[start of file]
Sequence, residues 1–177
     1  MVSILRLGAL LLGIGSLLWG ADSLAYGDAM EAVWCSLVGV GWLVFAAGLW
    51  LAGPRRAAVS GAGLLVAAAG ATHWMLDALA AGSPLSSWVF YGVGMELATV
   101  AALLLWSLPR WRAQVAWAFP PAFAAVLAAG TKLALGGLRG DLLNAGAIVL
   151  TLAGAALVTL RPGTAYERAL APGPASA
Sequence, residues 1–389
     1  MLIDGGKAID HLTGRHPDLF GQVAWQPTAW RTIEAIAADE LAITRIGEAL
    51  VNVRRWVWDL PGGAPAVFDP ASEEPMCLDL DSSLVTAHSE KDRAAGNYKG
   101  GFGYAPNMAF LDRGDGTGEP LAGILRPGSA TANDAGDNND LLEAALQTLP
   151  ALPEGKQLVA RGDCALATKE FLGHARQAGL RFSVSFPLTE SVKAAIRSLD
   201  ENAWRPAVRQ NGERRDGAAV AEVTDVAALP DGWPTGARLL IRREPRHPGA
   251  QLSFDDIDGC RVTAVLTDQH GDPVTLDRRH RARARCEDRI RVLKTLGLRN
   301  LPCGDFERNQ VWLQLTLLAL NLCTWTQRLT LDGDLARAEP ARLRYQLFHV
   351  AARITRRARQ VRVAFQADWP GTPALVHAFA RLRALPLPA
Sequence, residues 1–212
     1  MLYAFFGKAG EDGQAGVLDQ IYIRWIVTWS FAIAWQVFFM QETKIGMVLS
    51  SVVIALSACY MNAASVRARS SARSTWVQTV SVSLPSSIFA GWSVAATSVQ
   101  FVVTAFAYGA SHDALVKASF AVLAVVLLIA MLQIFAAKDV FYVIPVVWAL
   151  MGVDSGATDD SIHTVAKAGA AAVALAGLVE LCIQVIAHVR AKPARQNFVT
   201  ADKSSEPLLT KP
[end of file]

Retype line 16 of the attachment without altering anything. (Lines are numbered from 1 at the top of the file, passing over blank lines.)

     1  MLYAFFGKAG EDGQAGVLDQ IYIRWIVTWS FAIAWQVFFM QETKIGMVLS